Gills are what fish, amphibians, and some other animals use to breathe in water. They have feathery parts which cause water to move across the animal's body, which contains dissolved oxygen, after the animal has swallowed the water. The oxygen is absorbed into the animal's blood, causing carbon dioxide moves out of the animal's blood and into the water through the gills.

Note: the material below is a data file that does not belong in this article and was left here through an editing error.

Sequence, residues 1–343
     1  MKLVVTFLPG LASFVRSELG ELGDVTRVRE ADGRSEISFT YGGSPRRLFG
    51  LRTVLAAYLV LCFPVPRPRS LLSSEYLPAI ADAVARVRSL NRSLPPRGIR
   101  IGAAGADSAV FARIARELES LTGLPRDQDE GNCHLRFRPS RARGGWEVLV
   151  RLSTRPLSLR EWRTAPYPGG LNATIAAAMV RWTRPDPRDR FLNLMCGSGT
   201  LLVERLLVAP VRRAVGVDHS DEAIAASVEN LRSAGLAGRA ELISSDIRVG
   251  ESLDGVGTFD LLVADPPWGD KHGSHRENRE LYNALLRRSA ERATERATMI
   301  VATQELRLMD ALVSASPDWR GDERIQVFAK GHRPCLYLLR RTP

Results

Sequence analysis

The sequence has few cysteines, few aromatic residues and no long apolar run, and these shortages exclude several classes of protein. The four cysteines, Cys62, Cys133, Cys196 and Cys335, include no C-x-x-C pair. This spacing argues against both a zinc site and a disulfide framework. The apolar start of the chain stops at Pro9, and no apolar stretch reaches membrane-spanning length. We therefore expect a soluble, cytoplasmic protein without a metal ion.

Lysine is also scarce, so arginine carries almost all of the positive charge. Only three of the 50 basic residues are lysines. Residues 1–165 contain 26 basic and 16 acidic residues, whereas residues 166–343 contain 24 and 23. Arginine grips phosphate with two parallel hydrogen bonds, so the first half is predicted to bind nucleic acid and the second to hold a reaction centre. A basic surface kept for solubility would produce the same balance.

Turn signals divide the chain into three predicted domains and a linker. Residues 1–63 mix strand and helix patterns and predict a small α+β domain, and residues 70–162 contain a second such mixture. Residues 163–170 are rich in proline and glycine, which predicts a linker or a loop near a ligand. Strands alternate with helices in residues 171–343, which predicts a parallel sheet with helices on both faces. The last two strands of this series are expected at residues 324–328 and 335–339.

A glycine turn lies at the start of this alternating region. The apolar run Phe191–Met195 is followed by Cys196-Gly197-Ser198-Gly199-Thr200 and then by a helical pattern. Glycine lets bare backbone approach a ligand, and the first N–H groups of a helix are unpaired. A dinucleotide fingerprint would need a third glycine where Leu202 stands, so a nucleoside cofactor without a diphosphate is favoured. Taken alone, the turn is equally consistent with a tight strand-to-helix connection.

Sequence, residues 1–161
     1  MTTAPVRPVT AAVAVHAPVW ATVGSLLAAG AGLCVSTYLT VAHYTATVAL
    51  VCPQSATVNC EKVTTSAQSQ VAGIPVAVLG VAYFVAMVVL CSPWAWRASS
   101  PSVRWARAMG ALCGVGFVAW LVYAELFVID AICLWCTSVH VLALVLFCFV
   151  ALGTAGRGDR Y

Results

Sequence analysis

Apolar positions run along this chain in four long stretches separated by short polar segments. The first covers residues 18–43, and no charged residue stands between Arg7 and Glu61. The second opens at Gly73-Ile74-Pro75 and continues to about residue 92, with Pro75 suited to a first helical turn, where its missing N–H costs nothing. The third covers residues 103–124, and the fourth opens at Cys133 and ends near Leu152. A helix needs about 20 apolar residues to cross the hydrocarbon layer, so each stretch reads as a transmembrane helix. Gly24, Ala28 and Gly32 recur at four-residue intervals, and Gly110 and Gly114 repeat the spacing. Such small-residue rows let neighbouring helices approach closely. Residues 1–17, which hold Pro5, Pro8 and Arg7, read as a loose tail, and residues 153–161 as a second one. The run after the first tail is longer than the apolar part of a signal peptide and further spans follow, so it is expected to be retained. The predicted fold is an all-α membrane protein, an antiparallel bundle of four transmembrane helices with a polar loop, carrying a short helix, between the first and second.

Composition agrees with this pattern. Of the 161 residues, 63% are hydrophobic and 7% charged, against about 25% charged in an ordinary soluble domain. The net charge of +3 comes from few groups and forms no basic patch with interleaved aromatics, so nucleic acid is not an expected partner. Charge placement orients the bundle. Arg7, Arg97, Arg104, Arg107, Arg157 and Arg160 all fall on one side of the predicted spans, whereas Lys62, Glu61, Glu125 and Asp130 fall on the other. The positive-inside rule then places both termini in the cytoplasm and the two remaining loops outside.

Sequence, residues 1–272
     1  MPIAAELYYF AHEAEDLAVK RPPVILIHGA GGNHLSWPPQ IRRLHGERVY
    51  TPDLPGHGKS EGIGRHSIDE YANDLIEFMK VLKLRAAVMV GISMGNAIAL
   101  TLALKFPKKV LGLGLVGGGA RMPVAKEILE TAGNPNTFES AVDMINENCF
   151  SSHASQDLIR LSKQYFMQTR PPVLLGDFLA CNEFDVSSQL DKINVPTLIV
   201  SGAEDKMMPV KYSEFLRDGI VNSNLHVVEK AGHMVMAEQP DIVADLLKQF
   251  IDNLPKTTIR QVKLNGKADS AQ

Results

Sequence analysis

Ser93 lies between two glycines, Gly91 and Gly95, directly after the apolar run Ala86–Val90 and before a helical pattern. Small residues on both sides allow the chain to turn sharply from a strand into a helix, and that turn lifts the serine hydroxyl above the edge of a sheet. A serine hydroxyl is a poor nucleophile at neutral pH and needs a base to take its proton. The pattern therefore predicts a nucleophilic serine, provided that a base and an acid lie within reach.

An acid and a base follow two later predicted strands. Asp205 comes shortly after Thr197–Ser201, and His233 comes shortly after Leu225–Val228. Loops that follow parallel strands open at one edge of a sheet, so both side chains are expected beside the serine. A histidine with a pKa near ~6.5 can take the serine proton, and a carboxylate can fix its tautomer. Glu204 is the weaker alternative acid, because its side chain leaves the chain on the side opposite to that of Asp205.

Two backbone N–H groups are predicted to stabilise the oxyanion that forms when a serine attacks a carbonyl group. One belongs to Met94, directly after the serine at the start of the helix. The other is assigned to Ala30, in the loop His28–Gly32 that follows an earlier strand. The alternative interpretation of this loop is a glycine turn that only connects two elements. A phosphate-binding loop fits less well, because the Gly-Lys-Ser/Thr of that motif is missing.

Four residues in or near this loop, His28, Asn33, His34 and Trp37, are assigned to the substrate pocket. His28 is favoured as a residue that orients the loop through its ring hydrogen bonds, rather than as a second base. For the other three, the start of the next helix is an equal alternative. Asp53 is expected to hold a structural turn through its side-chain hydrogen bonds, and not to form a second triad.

Some insects that live in water have a plastron, which is a kind of gill. It is a patch of special hairs that keeps the water away from the insect's spiracles. This allows them to continue to take in oxygen and remove carbon dioxide while they are under water.